Stem cell news update: the good, the bad, & the weird

Embryo model legos, Copyright Nicolas Rivron, used with permission
Blastocyst embryo model from legos, Copyright Nicolas Rivron, used with permission

With stem cells there’s always all kinds of developments and news every week or even every day.

Here is an assortment in no particular order of some of the latest news including some across the spectrum including weird and sometimes stuff. The linked phrases are often the actual headlines of the media pieces.

New CIRM Alpha Stem Cell Clinic offers HOPE for boys with deadly disease (article focused on our CIRM-funded Alpha Clinic here at UC Davis as part of our Stem Cell Program).

Note that I suggest you follow Jan Nolta (@jan_nolta ), Director of the Stem Cell Program and Editor-In-Chief of Stem Cells, on Twitter for a regular stream of great updates and links on stem cells in general including for instance recently the ISCT meeting that she has been Tweeting.

Tech workers are paying $7000 to freeze their stem cells in hope of extending life. Is this a good use of money and resources? It’s too soon to know.

Embryo-like structure synthesized in a lab could help decipher infertility. Synthetic embryos have been making news for a few years. Here’s a past post on one of the earlier developments last year. See cool images including the one of a blastocyst made of legos above from Dr. Nicolas Rivron on embryo modeling. Here’s the actual new Nature paper. And here are some other related papers in this line of research suggested by Dr. Rivron:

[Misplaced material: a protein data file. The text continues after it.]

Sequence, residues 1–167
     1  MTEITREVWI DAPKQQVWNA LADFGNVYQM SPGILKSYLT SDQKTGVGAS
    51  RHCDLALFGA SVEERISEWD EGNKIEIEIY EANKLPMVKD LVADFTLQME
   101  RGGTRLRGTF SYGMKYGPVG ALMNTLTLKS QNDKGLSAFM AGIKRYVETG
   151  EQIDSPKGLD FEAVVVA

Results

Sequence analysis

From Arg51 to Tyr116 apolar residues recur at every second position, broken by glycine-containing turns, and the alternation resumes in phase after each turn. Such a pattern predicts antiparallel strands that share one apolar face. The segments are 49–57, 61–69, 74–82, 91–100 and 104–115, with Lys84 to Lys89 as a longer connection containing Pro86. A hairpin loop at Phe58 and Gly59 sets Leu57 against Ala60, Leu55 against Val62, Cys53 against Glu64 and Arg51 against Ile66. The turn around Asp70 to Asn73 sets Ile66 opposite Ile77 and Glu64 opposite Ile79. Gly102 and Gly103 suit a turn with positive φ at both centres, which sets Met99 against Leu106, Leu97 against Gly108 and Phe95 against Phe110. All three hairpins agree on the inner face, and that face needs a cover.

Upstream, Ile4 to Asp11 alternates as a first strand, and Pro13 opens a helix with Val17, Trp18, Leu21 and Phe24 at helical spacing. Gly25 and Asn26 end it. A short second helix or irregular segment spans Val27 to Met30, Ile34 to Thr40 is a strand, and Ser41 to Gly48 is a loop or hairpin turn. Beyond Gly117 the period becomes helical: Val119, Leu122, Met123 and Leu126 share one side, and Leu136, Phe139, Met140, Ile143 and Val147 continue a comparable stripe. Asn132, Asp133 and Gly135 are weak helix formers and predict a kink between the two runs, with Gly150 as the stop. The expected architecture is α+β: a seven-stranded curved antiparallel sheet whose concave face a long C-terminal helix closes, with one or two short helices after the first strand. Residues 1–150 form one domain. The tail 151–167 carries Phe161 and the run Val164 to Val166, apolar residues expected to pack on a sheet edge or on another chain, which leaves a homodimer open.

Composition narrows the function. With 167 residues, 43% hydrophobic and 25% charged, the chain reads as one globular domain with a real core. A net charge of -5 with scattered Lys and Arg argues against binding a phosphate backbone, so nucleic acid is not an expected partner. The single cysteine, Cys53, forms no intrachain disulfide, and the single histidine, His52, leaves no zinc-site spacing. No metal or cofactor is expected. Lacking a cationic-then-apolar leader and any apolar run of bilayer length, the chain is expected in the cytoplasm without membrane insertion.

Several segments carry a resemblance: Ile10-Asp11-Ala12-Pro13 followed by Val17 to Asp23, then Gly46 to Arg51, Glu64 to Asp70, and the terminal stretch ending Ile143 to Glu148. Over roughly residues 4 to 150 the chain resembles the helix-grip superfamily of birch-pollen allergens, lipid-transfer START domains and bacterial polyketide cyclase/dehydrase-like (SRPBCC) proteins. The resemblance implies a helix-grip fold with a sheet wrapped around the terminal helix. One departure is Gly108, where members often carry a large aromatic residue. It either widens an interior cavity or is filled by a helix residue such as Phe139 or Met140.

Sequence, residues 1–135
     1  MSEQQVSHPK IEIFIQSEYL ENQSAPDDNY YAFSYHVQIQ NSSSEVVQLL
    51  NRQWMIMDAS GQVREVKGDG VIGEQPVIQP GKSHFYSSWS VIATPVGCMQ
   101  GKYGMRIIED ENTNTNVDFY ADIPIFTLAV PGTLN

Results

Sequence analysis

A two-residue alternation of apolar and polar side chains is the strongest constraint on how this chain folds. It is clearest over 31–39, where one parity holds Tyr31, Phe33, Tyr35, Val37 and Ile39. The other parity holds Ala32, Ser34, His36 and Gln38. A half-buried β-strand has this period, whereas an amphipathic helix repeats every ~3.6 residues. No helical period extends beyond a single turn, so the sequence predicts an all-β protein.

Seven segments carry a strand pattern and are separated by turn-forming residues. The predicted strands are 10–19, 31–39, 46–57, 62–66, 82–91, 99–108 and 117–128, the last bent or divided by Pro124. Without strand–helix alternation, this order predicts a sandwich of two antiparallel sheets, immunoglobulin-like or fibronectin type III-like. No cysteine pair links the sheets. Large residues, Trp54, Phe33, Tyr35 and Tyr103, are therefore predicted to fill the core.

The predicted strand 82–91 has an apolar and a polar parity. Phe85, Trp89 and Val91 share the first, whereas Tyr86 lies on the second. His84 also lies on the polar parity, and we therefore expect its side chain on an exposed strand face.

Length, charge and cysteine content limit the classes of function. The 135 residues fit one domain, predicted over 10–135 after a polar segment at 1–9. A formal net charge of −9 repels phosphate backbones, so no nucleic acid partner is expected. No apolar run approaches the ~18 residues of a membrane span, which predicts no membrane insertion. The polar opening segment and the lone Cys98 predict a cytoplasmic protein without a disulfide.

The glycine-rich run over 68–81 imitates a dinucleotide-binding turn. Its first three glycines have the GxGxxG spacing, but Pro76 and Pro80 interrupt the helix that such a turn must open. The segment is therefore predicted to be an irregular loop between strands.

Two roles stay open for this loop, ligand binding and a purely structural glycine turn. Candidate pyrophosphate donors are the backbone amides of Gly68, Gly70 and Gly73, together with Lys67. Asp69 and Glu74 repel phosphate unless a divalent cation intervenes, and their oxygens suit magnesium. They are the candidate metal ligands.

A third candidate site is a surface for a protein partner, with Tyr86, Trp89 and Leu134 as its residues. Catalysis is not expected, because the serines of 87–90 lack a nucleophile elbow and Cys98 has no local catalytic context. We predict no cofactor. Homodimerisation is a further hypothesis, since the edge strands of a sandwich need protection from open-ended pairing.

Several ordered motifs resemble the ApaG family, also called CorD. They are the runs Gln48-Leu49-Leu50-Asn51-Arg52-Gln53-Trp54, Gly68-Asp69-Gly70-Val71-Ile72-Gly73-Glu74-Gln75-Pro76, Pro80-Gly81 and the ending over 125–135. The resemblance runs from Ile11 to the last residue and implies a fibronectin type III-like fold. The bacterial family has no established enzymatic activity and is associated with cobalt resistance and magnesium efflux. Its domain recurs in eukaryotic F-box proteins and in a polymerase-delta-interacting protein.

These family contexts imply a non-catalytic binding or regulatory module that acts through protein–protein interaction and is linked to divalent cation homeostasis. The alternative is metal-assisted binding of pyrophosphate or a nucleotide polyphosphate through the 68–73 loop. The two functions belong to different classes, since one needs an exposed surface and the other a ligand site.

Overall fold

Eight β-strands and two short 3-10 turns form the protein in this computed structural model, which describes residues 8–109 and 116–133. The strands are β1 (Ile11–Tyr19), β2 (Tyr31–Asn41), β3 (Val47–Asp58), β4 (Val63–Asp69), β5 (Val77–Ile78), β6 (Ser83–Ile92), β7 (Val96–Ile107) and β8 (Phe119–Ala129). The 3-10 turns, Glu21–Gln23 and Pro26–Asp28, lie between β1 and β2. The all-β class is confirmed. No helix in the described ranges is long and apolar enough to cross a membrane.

• https://onlinelibrary.wiley.com/doi/abs/10.1002/dvg.20473 
  • https://onlinelibrary.wiley.com/doi/abs/10.1002/mrd.22585
  • http://dev.biologists.org/content/141/22/4231

The big Washington Post piece on stem cell clinics is worth a look if you haven’t already read it: What you should know about stem cells, from promising research to dubious uses.

Virginia clinic patients who got ineffective stem cell treatments: They played on our pain. In addition to the recent story on issues in North Dakota on stem cells, now there’s news of unhappy patients in Virginia too. From this news story, “For the debilitating pain of neuropathy, the patients and their spouses turned to a new clinic in Woodbridge, Virginia called RegenPath.” Although, it’s not clear if the Virginia clinic had permission to use that name. Also from the news piece, “However, Liveyon, the California company which provides the stem cells, “does not promote its use for neuropathy … and discloses that our product is not FDA-approved,” its Chief Compliance Officer told 7 On Your Side.” It’s all very complicated so read the story if you are interested.

And finally, this is interesting but pretty weird in spots: Is the Secret to Significantly Longer Life Hidden in Our Cells?

3 Comments


  1. What do you find weird about the Singularity Hub article? We’re all pretty familiar with Dr de Grey’s and Professor Faragher’s positive and negative opinions on treating aging and stem cells. As a dedicated stem cell researcher, what do you think they are getting wrong or overhyping?


    • I found the myth introduction part about immortality, while interesting, to be perhaps not the best setup for a discussion that really requires some sober thought and avoidance of exuberance. Maybe “weird” wasn’t the best choice of words on my part.

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